For the first time in the UK, the public was invited to trial autonomous electric shuttles operated by Keolis. For a month, passengers were able to try this new mode of ecological transport, which has begun to attract a growing number of cities as it offers a new response to mobility problems in urban centres.
Keolis’ autonomous shuttles trialled in the British capital
After Lyon, Las Vegas, Montreal and Paris-La Defense, autonomous electric shuttles are taking over London. Throughout the month of September, Londoners were invited to trial this new transport experience. This service is the result of a partnership between Keolis Amey, the operator of the UK’s only other fully autonomous network, the Docklands Light Railway, and Queen Elizabeth Olympic Park, Here East, Our Parklife, Engie and NAVYA. A first of its kind for Keolis in the UK.
Trial adapted for Londoners
The trial took place in Queen Elizabeth Olympic Park, the sporting complex built in east London for the 2012 Summer Olympics, which has since become an iconic area of urban regeneration, combining housing, green spaces, and cultural and sporting installations. The shuttles, each accommodating up to 15 passengers, travelled on a 1km loop around the park, serving four stops and taking around 12 minutes per trip. The immediate success of the shuttles was reflected in the public’s eagerness to hop aboard - after two weeks of the trial, 1,000 passengers had already taken a ride on the new vehicles.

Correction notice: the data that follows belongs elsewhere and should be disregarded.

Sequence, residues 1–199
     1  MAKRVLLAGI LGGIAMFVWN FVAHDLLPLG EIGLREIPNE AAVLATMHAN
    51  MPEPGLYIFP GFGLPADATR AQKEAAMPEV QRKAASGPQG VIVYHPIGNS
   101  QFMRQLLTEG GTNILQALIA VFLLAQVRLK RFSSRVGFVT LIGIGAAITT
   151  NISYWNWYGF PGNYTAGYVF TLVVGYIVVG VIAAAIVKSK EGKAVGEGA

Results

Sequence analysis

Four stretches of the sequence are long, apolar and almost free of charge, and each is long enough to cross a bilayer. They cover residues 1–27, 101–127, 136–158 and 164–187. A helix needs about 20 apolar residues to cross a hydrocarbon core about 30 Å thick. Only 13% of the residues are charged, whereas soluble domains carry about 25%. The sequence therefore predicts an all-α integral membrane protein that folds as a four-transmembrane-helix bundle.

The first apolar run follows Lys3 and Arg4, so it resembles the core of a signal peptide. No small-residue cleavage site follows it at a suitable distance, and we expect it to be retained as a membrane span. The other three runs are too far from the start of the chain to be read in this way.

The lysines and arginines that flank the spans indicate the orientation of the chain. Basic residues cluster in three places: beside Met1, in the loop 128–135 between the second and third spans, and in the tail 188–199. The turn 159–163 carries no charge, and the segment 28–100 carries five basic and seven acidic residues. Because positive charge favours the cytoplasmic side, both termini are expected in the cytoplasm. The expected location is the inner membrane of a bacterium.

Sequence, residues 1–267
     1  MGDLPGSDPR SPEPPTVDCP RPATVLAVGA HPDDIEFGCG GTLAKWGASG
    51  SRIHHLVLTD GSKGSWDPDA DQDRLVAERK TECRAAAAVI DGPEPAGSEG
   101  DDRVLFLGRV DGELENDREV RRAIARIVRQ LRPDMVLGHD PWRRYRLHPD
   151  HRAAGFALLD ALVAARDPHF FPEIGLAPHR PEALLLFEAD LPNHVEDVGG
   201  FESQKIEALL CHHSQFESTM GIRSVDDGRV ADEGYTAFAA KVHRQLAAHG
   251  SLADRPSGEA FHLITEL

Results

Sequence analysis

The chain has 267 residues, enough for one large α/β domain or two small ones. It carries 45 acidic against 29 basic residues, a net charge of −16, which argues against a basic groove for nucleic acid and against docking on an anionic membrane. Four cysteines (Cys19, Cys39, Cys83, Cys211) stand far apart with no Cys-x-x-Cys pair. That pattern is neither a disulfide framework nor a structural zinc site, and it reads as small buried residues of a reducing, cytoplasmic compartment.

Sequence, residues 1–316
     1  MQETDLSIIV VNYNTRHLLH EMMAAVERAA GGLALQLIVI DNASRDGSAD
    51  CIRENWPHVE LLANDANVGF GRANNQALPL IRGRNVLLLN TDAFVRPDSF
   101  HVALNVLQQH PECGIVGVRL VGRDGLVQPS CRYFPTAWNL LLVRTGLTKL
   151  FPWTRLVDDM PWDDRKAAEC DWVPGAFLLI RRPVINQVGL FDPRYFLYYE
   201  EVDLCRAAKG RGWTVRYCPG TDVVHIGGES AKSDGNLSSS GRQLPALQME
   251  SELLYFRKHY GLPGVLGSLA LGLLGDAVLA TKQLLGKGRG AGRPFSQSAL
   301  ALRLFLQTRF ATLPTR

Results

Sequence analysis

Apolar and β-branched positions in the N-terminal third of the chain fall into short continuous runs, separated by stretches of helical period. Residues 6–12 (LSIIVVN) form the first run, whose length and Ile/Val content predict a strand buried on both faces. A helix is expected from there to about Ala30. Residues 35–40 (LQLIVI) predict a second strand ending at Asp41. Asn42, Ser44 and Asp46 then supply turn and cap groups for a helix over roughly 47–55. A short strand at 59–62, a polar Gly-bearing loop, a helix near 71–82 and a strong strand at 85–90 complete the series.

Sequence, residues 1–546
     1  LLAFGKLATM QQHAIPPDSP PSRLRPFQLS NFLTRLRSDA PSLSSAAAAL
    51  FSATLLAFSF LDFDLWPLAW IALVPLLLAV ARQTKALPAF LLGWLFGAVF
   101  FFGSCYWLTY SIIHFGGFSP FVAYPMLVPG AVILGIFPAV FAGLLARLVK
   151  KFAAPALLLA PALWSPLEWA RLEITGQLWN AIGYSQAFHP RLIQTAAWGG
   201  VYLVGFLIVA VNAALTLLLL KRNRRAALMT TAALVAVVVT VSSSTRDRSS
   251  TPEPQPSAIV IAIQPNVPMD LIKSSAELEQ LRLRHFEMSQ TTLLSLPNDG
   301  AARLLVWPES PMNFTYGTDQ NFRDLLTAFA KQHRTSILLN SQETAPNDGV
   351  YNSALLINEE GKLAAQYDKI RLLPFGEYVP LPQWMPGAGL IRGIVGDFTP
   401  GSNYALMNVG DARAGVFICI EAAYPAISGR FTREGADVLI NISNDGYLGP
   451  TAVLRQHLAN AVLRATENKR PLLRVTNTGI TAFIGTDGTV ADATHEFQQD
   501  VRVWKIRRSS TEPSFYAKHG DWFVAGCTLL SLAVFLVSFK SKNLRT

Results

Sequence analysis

Multiple advanced technologies built in for secure transport
Designed by Keolis’ partner NAVYA, the London shuttles use sensors, cameras, odometry and GPS mapping to navigate a programmed route and detect obstacles in its path, day or night, all without a driver.
A new public transport solution for the first and last kilometres of journeys
The trial of new driverless, electric shuttles in a public sphere highlights the growing interest of cities and the Organising Mobility Authorities (AOM) in this new type of ecological, silent transport. Offering a reliable response to the first and last kilometres issue in urban centres, the shuttles can adapt to various environments such as pedestrian city centres and narrow streets.
Passenger satisfaction is met with optimal service frequency, extended servicing times and transport to more isolated areas normally not serviced by other modes of public transport. The shuttles also offer a suitable solution to passenger transport in larger sites like Queen Elizabeth Olympic Park, which aims to start using the shuttles by 2019, as well as other locations such as airports, hospitals, university campuses, tourist attractions and shopping centres.
“The challenge for future cities is developing sustainable, integrated transport networks that work for the passenger. Autonomous technology is just one of the innovations we’re exploring to help deliver this and revolutionise public transport in the UK,” said Alistair Gordon, chief executive of Keolis UK.